Nature is pretty, but it can also kill you. In fact, whether by man-eating lions or microbes or cellular decay, it probably will.
This doesn't jive well with the modern environmental movement. How can someone revere and dote on their inevitable murderer? The idea would baffle the Puritans, who used the the word "wilderness" almost as a dirty word, synonymous with death, torment, and terror. For Boston's founders, anything west of modern-day Copley Square was the domain of Satan.
But two hundred years later, their descendants embraced the wilderness and established the philosophical underpinnings of modern environmentalism. When nature wasn't threatening to starve or maim you, they found, it could make you feel pretty great: like a transparent eyeball, or a "part or particle of God," to use phrases from Ralph Waldo Emerson's essay "Nature."
The wilderness became a spiritually and morally uplifting place as soon as humans tamed the wilderness.
I understand the transcendentalist point of view. I've had chills run down my spine from the freedom of being outside, have been struck dumb at spectacles of nature among craggy mountaintops and on the sidewalk of Broadway in Manhattan, and understand perfectly what Emerson means when he talks about a transparent eyeball.
Even though most of us can't experience the howling wilderness as the Puritans experienced it - park rangers, cellphones, and rescue helicopters having replaced large predators in the woods - I'd argue that getting us closer to death is still a pretty important part of nature's spiritual and moral value. Really understanding nature requires that you understand how insignificant you are, and how tenuous your life is, in the grand scheme of things. Being reminded of those facts constantly and violently - say, as a settler in the New World - probably would feel hellish. But it wouldn't hurt our well-fed, post-industrial, economically-panicked society to confront these facts more often.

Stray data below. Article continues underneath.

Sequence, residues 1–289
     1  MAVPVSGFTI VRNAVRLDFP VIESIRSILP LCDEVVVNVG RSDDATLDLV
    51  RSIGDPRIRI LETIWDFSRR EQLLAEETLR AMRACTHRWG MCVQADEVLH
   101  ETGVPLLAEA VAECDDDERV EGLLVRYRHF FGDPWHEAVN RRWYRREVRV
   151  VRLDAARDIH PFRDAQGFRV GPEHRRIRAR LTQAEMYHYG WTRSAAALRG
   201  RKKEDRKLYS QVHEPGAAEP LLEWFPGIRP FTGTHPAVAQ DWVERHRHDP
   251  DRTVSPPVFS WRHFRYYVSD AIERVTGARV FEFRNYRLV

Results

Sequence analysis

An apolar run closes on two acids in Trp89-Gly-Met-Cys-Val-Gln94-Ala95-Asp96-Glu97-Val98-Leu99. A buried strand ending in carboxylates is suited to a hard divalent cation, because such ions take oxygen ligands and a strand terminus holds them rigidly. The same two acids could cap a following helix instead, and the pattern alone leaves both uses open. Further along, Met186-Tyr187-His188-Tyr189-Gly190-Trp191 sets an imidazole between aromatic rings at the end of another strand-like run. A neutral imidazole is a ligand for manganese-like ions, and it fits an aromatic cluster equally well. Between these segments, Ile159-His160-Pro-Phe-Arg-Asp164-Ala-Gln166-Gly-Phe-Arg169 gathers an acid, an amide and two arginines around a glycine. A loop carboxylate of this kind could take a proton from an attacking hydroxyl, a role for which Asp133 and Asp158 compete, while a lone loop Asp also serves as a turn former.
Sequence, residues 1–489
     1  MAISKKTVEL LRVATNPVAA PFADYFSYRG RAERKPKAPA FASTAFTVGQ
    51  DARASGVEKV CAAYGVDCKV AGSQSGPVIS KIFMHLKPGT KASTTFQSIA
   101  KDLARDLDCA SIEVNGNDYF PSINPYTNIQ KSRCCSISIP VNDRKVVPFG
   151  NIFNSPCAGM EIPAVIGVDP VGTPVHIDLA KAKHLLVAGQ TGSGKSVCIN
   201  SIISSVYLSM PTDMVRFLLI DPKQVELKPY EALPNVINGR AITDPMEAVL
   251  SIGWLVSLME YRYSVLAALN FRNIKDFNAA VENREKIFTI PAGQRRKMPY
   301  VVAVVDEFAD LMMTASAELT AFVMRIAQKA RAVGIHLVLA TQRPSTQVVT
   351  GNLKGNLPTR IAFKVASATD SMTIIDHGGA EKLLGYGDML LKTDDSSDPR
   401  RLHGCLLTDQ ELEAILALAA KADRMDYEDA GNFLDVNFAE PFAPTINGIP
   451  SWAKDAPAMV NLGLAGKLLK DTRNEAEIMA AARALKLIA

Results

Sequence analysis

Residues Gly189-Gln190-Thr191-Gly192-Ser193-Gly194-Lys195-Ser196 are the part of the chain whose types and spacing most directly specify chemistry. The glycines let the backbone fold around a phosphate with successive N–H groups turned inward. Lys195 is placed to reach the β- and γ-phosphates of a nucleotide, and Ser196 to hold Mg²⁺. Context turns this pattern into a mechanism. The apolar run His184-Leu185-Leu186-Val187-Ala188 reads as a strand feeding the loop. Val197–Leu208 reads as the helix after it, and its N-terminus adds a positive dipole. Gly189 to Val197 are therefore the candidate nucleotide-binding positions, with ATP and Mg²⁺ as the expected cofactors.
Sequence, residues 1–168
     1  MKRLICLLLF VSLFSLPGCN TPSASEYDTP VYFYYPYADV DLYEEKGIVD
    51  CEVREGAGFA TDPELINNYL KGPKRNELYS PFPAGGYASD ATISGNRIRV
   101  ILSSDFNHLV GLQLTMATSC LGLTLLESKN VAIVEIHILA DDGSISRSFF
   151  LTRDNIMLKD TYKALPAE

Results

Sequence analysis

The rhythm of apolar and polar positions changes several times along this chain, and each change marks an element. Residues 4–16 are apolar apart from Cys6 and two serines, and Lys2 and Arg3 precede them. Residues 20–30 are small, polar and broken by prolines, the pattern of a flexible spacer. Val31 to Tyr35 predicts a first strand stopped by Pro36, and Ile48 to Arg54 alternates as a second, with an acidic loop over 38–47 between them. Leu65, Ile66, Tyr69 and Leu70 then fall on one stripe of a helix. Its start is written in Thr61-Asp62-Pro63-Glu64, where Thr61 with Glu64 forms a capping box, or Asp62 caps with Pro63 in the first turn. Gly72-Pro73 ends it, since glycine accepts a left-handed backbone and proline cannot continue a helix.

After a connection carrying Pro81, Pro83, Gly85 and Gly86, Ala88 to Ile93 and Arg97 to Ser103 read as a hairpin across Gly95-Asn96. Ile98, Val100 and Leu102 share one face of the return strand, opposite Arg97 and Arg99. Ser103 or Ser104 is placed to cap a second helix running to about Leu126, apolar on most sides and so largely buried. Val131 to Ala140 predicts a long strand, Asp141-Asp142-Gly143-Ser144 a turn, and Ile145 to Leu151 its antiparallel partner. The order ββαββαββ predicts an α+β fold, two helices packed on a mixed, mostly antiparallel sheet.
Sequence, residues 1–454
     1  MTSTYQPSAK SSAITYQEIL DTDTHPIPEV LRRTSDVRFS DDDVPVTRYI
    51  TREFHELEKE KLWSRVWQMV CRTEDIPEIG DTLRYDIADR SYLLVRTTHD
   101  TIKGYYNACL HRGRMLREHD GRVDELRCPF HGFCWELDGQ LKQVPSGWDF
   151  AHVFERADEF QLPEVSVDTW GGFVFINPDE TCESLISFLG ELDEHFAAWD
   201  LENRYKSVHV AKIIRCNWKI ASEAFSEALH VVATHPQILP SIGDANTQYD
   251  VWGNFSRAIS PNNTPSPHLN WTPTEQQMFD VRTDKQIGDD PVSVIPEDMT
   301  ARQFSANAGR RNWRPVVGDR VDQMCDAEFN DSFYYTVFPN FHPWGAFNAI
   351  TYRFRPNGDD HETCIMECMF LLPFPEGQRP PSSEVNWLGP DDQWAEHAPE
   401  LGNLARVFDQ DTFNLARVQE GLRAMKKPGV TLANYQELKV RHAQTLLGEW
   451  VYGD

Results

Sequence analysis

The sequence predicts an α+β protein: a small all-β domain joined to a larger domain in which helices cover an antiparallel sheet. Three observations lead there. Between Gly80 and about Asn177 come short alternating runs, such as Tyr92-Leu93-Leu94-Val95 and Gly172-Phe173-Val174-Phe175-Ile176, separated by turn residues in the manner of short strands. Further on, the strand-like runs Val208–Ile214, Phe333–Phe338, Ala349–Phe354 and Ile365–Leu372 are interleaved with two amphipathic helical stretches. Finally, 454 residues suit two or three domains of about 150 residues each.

Which is why I'm so jazzed about author Amy Stewart's poison garden, which is profiled in the decidedly un-wild "Home and Garden" section of the New York Times today. While working on a book about common poisonous plants, Stewart planted a garden of them in her backyard. Wicked Plants: The Weed That Killed Lincoln’s Mother & Other Botanical Atrocities is "a fine gift for owners of country houses who have become altogether too smug about country life," according to the Times article.
Here is an impeccably cultivated garden in a suburban backyard. By all appearances, it seems to be the Puritan ideal of what nature should be: thoroughly civilized and under control.
But in fact, many of these plants are capable of killing you: digitalis, or foxglove, which can cause anorexia, nausea, and vomiting; castor beans, which, when raw, contain toxic ricin; and datura, a hallucinogen that can cause fatal cardiac and respiratory distress.
Eat any of them, and nature will violently express its callous indifference to your existence. It's a backyard botanist's version of extreme rock-climbing: a garden designed to put you ill-at-ease with nature. Honestly, I wouldn't want a garden like this for myself. But I love that it's out there, and I believe that I'll read the gardener's book as well.